Dawn of Winter - The peaceful dead 3/5
1. The music of despair
2. A lovelorn traveller
4. Holy blood
5. The oath of the witch
6. Throne of isolation
7. Burn another sinner
8. All the gods you worship
9. Anthem of doom
10. The peaceful dead
Okay, quiz time. Are you one of those metalheads who delights in bashing the vocals of Sacred Steel mainman and lifelong metal stalwart Gerrit P. Mutz? I've always liked his unique, instantly recognizable timbre, but it's quite popular sport in certain circles to skewer Mutz's voice, to lambaste and ridicule him. There'll be none of that here. So if you fall into that category, please do us all a favor and click through to another review because nothing here will be of interest to you. Dawn of Winter is, of course, the long-running Mutz-fronted German doom act. If you don't like his voice in Sacred Steel, you'll hate it here, because Dawn of Winter's sparse arrangements, ponderous tempos, and mournful atmosphere emphasize vocal melodies far more than the fast'n'furious material that Sacred Steel forges in the molten flames of true iron glory.
There, now that we've jettisoned the Mutz haters, we can settle into a proper review for those of you who are still reading. Dawn of Winter are what might most accurately be termed a pure doom act. Their music isn't funeral doom, power doom, stoner doom, doom/death, Hungarian symphonic/necro doom, or any of those other variations on the style. There are certainly elements of the Candlemass sound in here (such as on the couple of noticeably faster songs), but for the most part Dawn of Winter are not nearly as peppy, punchy, and classic metally as Leif Edling's crew. Instead, the most accurate signpost bands are probably the likes of early Black Sabbath and of course St. Vitus, albeit with more melodic sensibility interwoven in the downtempo grooves. Tempos are slow, sometimes painfully so, giving the melancholy melodies, the towering Iommi-styled riffage of Sacred Steel alum Joerg Knittel, and the heart-wrenching voice of Herr Mutz plenty of room to breathe. So if you like your doom metal to be inflected with interludes of speed and classic/power metal, then you're really looking in the wrong place.
'The peaceful dead' perfectly captures a mood of somber gloom and anguished, lonely reflection. Mutz sounds truly haunting here, and seems even better suited for the bleak soundscapes of Dawn of Winter than the balls-out aggression of his day-job band. The riffs are massive, crushing, and hugely effective. The rhythm section plays in a mostly restrained, understated way so as not to clutter the arrangements or interfere with the sheer doominess of it all. It's. Just. So. Damn. Slow. This music is tailor-made for sitting in a small darkened room all alone, with a cold beer in hand, quietly ruminating on the tragic futility of life and the beautiful majesty of heavy metal music.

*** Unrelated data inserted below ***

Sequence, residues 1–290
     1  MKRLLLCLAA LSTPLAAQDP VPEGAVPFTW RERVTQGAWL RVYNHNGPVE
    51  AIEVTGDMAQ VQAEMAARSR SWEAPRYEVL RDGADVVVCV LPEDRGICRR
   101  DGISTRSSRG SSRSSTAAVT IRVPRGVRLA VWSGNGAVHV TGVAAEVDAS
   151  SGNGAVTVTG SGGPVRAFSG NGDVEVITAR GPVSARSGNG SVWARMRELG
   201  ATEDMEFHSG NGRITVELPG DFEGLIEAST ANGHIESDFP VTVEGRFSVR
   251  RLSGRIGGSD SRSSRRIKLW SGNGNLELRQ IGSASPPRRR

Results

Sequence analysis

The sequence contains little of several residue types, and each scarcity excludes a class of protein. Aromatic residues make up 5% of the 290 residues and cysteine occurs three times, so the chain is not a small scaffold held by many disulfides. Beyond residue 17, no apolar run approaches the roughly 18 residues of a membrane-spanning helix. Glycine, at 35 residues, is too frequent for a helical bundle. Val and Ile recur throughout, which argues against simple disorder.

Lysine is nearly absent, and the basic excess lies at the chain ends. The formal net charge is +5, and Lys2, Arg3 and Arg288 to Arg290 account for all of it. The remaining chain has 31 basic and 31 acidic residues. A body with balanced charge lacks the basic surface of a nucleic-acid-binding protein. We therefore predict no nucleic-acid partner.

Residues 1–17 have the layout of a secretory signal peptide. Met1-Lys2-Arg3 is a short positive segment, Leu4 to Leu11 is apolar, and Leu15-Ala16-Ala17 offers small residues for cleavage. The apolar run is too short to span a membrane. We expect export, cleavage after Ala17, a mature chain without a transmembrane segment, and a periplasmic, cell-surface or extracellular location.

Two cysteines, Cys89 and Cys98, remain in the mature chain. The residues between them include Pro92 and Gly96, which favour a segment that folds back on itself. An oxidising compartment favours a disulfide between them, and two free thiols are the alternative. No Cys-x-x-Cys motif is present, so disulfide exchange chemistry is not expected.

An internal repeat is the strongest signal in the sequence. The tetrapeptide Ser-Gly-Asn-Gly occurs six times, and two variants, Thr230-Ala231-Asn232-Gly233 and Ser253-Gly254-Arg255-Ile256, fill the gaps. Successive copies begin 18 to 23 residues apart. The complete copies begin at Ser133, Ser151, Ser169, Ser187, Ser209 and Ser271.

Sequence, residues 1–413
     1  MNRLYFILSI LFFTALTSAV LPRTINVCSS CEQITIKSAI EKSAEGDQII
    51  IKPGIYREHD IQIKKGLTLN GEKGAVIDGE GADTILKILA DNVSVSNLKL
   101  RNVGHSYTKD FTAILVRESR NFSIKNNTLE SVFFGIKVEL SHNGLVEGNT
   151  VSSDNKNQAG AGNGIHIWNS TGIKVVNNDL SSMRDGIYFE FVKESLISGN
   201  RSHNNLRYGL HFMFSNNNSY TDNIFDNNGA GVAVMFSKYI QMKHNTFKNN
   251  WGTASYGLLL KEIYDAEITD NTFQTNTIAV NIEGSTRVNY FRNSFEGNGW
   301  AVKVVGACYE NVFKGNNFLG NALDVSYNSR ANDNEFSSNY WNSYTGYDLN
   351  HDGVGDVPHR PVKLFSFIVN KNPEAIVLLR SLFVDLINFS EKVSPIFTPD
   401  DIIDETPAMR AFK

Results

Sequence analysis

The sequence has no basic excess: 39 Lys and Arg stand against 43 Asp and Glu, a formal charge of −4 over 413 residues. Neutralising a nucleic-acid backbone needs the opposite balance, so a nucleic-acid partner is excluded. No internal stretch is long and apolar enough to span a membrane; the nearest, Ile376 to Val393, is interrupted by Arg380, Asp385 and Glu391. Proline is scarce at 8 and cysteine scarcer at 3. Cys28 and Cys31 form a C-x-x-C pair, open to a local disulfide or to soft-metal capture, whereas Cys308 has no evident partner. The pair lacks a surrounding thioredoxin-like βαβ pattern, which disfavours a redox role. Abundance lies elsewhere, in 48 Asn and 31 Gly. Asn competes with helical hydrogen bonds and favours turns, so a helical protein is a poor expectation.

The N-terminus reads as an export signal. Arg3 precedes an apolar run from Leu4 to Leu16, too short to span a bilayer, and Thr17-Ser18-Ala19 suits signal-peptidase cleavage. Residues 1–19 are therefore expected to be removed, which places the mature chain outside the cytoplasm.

The problem is that I'm generally a pretty happy, glass-half-full kind of guy. That makes it difficult for me to tap into 'The peaceful dead' on an emotional level. More fundamentally, I mostly listen to faster music. Give me "Man on a mission". Give me "Generally hostile". Give me "Maniacs of speed". You get the idea. And when I listen to doom, it's usually of the Candlemass/Solitude Aeturnus/Trouble/Heaven & Hell variety, not the St. Vitus school. It's difficult for me to sit still through snails-pace epic cuts like "Holy blood" or the nearly interminable 9-minute title track. That's not to say that everything's molasses-slow on this CD. "Burn another sinner" and "Mournful" are almost galloping, "All the gods you worship" ends with a "Children of the grave" kind of speed burst, and several other tracks are at least sufficiently mid-paced that listening to them doesn't feel like watching paint dry or playing a 45 rpm LP at 33 1/3 speed. But overall, the music unfolds at a quite deliberate pace that may frustrate those yearning for a bit more pressure on the accelerator pedal.
I have a great deal of respect for what Dawn of Winter have accomplished on 'The peaceful dead'. For fans of the slowest, darkest, gloomiest strands of the doom metal gene pool, I would be willing to wager that this CD may be revered as a quivering classic, a benchmark for the genre. If your idea of doom is Solitude Aeturnus or Diommi, however, you should proceed with caution and check out some samples ahead of time to determine whether you can hang with these dismal, desperate dirges. Mutz aptly summarizes the appeal of Dawn of Winter in "The music of despair", where he wails: "Doom is the soul of metal / Primordial and pure / Doom is the true essence of living / Immortal / My cure." As with any religion, either you get it or you don't. Me? I'm on the fence, struck by the artistry of it without being fully drawn in spiritually. That said, the good news for actual or prospective converts is that Shadow Kingdom Records has just licensed 'The peaceful dead' in the United States so it should be much more readily available here than the original Massacre version released last year.
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